John Popper was born in Vienna, Austria in 1904. He attended the University of Vienna. His initial choice was chemistry, but he soon realized his passion lay in creating photographs. And so he left the University to study photography with Hella Katz, a prominent photographer in Vienna. In 1926, he became a member of the Viennese Photographers’ Guild, and worked for clients such as the Indanthren-Haus, architects Ernst Lobel and Fischel & Siller, and began to have his photographs published in magazines and newspapers. In 1933 he was commissioned to create a photographic essay on the city and the inhabitants of Bratislava.
Just as his career began to take off, Hitler came to power, and his career came to an abrupt halt. In 1938 he and his wife, Erna Popper, literally, walked out of Vienna and traveled to Belgium. From there they made their way to Paris where nuns helped them hide from the authorities. Unfortunately, the French police discovered them and they were incarcerated in detention camps for refugees. They finally were able to obtain documents that allowed them to come to America. In 1941 they arrived in New York City. Their only possession – a Kodak Retina-Relex camera.
My father embraced his new country by formally changing his name to
John H. Popper, and began his career in the United State. In 1945 he became
the photographer for the newly established Austrian Consulate General’s
Cultural Institute, and also worked for the Union Theological Seminary. Under the Wagner administration he became a photographer for the City of New York and was there to capture the moment Mayor Wagner presented the keys of the city to Martin Luther King.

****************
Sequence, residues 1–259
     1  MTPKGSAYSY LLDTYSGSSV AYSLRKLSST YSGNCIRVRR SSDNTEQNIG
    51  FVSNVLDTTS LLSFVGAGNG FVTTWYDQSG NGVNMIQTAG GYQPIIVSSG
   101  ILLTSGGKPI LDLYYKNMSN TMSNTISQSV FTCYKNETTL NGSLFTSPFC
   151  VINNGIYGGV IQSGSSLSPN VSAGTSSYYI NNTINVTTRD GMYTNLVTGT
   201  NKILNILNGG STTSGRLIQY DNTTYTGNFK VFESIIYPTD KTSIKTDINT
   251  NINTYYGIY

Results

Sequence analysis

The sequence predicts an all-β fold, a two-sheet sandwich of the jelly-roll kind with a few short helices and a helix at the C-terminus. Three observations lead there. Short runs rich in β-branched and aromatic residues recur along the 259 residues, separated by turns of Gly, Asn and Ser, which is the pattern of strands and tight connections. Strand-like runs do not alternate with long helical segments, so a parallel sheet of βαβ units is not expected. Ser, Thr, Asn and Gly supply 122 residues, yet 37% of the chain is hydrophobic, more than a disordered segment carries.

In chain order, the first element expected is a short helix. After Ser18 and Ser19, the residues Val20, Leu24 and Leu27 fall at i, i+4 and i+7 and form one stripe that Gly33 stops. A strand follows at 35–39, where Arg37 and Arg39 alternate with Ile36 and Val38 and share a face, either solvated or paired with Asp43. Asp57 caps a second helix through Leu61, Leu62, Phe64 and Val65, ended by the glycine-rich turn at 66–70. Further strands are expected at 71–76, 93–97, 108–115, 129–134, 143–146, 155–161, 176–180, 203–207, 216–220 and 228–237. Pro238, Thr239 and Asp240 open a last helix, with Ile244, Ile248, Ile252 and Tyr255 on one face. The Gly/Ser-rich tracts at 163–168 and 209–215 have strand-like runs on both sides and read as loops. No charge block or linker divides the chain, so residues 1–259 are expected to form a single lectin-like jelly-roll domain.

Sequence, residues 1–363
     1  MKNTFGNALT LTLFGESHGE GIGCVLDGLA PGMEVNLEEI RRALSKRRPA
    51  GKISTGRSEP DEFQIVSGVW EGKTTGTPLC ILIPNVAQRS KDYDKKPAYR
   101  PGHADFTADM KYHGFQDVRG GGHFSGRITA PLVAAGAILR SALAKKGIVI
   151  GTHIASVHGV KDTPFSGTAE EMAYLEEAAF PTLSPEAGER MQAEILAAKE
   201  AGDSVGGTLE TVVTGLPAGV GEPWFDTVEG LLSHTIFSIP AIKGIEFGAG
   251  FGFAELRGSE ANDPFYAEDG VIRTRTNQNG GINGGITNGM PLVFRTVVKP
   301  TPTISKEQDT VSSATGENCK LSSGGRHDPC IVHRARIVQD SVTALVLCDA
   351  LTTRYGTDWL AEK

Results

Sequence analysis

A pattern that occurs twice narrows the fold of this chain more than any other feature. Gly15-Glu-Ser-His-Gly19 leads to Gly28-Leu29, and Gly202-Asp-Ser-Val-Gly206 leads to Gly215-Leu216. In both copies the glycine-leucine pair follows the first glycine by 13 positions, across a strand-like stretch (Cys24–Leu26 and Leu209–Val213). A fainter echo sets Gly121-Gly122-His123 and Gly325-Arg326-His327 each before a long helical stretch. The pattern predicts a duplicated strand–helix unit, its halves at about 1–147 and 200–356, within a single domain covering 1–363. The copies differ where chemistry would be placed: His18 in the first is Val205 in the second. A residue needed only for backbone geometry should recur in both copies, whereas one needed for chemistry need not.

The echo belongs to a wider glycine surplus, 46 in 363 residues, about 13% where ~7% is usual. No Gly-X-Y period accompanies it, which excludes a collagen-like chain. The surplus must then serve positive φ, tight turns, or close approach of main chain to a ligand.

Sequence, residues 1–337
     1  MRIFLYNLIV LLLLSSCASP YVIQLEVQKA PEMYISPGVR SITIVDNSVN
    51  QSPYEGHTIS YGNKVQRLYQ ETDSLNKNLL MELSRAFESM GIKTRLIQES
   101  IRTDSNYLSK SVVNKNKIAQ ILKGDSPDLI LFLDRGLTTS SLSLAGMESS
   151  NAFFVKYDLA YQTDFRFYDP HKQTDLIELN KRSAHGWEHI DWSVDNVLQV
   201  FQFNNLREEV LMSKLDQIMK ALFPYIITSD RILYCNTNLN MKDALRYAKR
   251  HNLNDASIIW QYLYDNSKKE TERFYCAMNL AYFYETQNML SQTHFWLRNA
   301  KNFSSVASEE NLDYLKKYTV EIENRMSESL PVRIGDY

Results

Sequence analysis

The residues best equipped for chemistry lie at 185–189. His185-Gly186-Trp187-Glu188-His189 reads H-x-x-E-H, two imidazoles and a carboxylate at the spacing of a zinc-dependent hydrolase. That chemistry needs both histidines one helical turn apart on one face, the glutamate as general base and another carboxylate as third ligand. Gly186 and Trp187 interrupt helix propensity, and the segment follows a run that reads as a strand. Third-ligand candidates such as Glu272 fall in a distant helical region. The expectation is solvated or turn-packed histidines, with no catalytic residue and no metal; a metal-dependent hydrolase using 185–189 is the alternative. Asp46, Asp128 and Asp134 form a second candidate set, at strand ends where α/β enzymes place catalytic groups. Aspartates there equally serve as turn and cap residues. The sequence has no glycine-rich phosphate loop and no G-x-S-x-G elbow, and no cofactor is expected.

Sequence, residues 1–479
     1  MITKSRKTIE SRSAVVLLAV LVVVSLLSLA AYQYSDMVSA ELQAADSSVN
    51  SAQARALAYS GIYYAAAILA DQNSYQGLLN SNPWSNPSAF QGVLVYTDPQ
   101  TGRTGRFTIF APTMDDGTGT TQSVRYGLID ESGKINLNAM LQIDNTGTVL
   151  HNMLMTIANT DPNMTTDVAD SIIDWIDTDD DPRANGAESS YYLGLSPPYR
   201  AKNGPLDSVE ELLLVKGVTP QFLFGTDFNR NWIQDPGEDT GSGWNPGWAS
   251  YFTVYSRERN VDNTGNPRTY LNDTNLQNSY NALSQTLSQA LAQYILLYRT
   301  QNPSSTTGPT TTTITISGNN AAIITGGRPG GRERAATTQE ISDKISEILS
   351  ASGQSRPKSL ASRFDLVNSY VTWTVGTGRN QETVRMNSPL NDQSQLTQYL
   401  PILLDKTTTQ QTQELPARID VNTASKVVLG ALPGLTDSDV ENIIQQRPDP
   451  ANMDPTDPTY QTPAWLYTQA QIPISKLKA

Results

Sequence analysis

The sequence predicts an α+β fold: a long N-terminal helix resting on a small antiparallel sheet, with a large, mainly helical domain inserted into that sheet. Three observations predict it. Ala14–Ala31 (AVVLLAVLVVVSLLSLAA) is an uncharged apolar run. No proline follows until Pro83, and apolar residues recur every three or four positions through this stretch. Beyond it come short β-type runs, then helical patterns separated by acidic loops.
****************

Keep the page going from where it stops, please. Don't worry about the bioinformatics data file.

At 89 my dad passed away. Had he lived a bit longer he would have been pleased to see his work finally receive the recognition it so richly deserved. First the Jewish Museum of Vienna came to New York and purchased a large collection of his photographs. That was followed by publication of a book highlighting Austrian artists from 1938-1945 who had fled Austria during the war – ‘Moderne Auf Der Flucht’. My dad’s photograph of a man by the banks of the Seine River was used as the cover. A second book was published in 1998 ‘Ubersee Exodus from Austria’. This time they used my dad’s photograph of the Manhattan skyline as the book cover. In 2009 an exhibition of works featured in these books was presented, first in Vienna, and then in the south of France.
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